Detroit Journalism Cooperative
To focus on community life and the city’s future after bankruptcy, five nonprofit media outlets have formed the Detroit Journalism Cooperative (DJC).
The Center for Michigan’s Bridge Magazine is the convening partner for the group, which includes Detroit Public Television (DPTV), Michigan Radio, WDET and New Michigan Media, a partnership of ethnic and minority newspapers.
Funded by the John S. and James L. Knight Foundation and the Ford Foundation, the DJC partners are reporting about and creating community engagement opportunities relevant to the city’s bankruptcy, recovery and restructuring.
Resignation offers piercing criticism, insider glimpse into high-powered coalition studying Detroit’s schools.
Boosters promise the streetcar system, now under construction along Woodward Avenue, will spur downtown revitalization, brushing aside critics who fear another People Mover.
Detroit’s newly minted Department of Neighborhoods has unleashed a squadron of district managers, pledging to respond to residents’ calls that went unanswered for decades.
Mayor Mike Duggan’s Department of Neighborhoods measures success in vacant-lot sales, cleanups and complaints answered.
Michigan Radio asked photographer Ali Lapetina to traverse Detroit one day; she returned with this gallery of a city in motion
When a fence went up around a cherished community park, residents thought gentrification might be the culprit. But it turns out a neighborhood development group is making the park better.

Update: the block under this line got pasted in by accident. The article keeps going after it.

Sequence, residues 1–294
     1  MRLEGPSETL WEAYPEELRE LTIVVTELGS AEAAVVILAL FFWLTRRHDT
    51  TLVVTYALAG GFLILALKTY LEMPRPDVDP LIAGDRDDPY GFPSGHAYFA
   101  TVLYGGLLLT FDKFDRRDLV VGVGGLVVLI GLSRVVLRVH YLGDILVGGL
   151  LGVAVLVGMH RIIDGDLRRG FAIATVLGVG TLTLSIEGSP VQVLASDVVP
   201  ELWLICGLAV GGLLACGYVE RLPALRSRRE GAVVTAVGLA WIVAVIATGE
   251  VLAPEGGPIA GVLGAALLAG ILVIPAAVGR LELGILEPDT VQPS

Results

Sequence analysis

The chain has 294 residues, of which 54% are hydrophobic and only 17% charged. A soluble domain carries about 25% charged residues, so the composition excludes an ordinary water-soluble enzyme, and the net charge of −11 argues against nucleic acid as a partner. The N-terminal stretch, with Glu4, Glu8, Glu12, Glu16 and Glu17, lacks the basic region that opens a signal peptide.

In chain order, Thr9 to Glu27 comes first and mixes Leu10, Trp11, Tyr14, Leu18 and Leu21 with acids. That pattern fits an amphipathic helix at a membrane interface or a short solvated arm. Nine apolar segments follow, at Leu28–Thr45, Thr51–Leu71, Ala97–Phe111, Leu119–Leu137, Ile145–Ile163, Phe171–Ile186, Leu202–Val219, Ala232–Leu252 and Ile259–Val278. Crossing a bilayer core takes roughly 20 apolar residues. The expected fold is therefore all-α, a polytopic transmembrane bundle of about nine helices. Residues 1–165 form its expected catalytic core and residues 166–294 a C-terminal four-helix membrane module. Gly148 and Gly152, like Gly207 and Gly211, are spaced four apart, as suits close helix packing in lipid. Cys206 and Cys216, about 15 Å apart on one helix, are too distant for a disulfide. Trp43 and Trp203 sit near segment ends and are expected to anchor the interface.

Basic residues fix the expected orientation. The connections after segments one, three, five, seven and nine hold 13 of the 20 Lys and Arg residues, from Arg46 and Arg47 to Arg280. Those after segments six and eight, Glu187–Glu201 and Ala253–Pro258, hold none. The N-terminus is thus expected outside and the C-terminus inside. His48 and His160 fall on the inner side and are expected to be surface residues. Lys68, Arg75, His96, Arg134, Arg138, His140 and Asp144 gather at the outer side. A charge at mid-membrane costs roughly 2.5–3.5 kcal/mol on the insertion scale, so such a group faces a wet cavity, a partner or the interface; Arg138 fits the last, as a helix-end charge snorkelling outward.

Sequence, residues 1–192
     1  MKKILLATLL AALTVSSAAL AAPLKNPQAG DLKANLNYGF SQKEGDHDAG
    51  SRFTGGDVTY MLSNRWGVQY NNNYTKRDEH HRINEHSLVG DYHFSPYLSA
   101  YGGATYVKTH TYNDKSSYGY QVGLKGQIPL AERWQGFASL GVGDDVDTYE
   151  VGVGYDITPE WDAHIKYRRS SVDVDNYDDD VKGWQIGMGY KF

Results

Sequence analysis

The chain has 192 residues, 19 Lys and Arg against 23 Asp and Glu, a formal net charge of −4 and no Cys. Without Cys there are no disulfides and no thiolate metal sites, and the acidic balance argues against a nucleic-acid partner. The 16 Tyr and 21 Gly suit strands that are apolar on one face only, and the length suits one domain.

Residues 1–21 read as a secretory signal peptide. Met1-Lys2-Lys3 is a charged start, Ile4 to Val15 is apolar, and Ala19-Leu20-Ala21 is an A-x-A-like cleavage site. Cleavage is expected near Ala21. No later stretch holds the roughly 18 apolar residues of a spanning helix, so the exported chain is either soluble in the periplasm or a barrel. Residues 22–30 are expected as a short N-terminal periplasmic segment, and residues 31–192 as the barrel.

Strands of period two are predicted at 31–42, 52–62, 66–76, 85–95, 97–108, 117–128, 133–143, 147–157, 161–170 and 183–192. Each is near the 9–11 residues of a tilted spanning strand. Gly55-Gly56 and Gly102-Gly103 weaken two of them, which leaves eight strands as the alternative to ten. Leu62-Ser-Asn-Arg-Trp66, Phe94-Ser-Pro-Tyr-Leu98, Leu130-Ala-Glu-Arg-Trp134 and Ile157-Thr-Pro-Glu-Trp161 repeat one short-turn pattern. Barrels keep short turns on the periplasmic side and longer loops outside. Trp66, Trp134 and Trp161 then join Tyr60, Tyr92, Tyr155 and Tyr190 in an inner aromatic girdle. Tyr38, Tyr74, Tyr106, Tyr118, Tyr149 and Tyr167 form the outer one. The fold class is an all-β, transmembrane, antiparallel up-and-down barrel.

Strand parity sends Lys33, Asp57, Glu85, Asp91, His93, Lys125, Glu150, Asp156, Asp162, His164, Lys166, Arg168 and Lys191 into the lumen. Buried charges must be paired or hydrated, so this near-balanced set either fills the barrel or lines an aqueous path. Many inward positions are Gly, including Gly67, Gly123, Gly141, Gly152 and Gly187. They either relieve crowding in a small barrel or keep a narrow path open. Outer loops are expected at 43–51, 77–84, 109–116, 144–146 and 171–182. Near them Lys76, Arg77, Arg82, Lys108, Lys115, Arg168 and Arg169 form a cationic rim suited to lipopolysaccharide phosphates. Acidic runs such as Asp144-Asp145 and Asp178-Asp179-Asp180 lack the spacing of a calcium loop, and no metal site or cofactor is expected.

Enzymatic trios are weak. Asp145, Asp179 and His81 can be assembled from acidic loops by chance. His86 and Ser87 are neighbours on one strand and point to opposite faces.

Thousands of positions in construction, healthcare, information technology and other high-growth fields are finally coming as Detroit emerges from bankruptcy. But a rollback in job programs and an educational system that leaves many young adults short on reading and math skills means many Detroiters can’t even quality for job training.
Detroit Public Schools once served thousands of students daily at vocational -technical career centers. Declining enrollment and high school closures led to cuts. DPS is now re-inventing the trade schools.
A sparkling baseball diamond for kids is rounding into shape on Detroit’s west side, a $1.4 million neighborhood gift from UAW-Ford.
In a Belgian hangout on the east side, players of an obscure game say farewell to a beloved league member.
The Forest Arms, the grande dame of apartments in Detroit’s Midtown, is being reborn from its burned-out grave. At age 109, there is much work to be done. But geothermal wells?
The sudden closing this summer of a road leading from Detroit into Grosse Pointe Park reignited accusations that Detroit’s largely African-American and poor population was not welcome. Residents on both sides are pushing for change.
The Motor City was designed for residents who buy and drive cars and trucks. But those planning Detroit’s future envision a design that is more friendly and safe for pedestrians, bikers and people using public transportation.
Is gentrification a bad thing? Is it even happening downtown? The answers depend on your perspective, and perhaps your bank account.
Detroit’s downtown areas are being transformed by an influx of new people and businesses. Here’s a guide to some key developments.
What is this thing called gentrification – displacement or improvement?
It is impossible to accept that the lives of Detroiters and newcomers are equal when the majority of the city’s African-American population are experiencing a quality of life so low that the United Nations is speaking up.
Yes, the infusion of new money, new faces and new business to downtown Detroit is good for the city.
The DFD’s current system is 128 years old and resisted change for decades, but bankruptcy was able to overturn what the city’s mayors couldn’t.